Russia Is Buying Gold, Stability and Economic Independence
Russia’s gold holdings have topped 1,800 tons.
To put that into perspective, between 2000 and 2007, the Russian central bank held just 400 tons of gold. At that point, the country launched an aggressive gold acquisition program. In October of this year alone, the Bank of Russia bought 21.8 tons of gold. At 1,801 tons, the yellow metal now accounts for 17.3% of the country’s reserves. In the second quarter of 2017, Russia accounted for 38% of all gold purchased by central banks. Russia ranks sixth in the world in gold holdings behind the United States, Germany, Italy, France, and China.
Russia’s growing gold hoard is helping to establish economic and political stability and independence for the country.
Since Vladamir Putin took office, the country’s gold reserves have increased 500%, according to RT. During a conference on precious metals in Moscow, First Deputy Chairman of the Russian Central Bank Sergey Shvetsov confirmed Putin was driving the bank’s acquisition of gold.
Under the instruction by President Putin, the Bank of Russia has been implementing the program of increasing the absolute share of gold in the gold and currency reserves of Russia for many years.”
As RT pointed out, buying gold makes a country less vulnerable to geopolitics. After the Crimea referendum in early 2014 and the ensuing political fallout, Russia increased its gold reserves by almost 75%. Shvetsov said buying gold increases Russia’s independence.
I will not dwell on the geopolitical situation. Every smart person understands the value of gold in ensuring financial and economic security of the country.”
Macquarie Group metals analyst Matthew Turner told Bloomberg gold is as geopolitics-proof an investment as any in the age of sanctions.
Gold is an asset that is independent of any government and, in effect, given what is usually held in reserves, any western government. This might appeal given Russia has faced financial sanctions.”
In other words, gold means independence.
Interestingly, leveraging the power of gold is not a new idea in Russia. According to an article on RussiaFeed.com, Joesph Stalin had a plan to create a gold-backed ruble as an alternative to the US dollar.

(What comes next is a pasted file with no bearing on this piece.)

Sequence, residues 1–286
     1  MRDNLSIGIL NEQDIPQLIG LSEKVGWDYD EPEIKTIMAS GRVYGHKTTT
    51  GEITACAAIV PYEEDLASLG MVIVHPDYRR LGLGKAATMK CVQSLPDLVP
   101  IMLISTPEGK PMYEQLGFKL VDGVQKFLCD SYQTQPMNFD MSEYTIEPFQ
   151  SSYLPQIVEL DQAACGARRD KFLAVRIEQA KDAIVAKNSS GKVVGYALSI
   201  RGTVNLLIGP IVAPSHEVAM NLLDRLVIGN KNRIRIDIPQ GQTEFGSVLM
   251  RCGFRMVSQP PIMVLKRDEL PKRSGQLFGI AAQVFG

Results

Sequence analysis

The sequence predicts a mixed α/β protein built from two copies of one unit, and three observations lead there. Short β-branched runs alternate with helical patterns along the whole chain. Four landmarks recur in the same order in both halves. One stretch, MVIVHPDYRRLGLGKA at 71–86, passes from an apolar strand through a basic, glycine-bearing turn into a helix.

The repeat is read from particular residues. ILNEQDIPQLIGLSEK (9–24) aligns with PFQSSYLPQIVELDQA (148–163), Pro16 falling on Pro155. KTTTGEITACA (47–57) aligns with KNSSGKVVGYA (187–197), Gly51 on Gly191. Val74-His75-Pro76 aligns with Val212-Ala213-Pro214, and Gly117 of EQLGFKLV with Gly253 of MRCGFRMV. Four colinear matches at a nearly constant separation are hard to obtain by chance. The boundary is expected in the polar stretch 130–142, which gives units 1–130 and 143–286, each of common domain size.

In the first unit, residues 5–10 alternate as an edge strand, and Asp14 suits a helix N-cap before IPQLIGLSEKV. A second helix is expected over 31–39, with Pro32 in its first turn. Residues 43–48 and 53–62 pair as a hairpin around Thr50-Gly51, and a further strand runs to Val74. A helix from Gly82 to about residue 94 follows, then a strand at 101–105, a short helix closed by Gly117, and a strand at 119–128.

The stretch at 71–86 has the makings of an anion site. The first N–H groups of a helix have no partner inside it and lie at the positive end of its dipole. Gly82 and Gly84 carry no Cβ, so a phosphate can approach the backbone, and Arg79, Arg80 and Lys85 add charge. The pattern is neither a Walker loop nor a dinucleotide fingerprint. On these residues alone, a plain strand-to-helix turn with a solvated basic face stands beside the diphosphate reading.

By the time of the German attack on the USSR in 1941 Stalin had amassed a gold reserve in the Soviet Central Bank of 2,600 tons (still a record), and following the end of the war he brought the USSR’s gold reserve back up to 2,050 tons, where it stood at the time of his death. Stalin’s plan was to launch a fully convertible gold backed Soviet rouble by 1957, principally to fund trade with the USSR’s socialist allies including China.”
There is also a move afoot to create a gold trading system between Brazil, Russia, India, China, and South Africa (BRICS). Shvetsov talked about it during the conference.
The traditional (trade) system based in London and partially in Swiss cities is becoming less relevant as new trade hubs are emerging, first of all in India, China, and South Africa. We are discussing the possibility of establishing a single (system of) gold trade both within BRICS and at the level of bilateral contacts.We assume that trade and clearing links should be established. The point is that gold buyers should decide on the place of purchase.”
This could have a huge impact on the gold market, significantly shifting power from West to East. China, Russia, South Africa, and Brazil are among the world’s biggest gold producers and China is one of the top importers of the yellow metal.
China’s central bank has also been aggressively buying gold. It is pretty clear that Russia and the Chinese are working toward de-dollarization. As economist Ronald-Peter Stöferle put it:
The world is looking for alternatives to the dollar — and finds them more and more often.”
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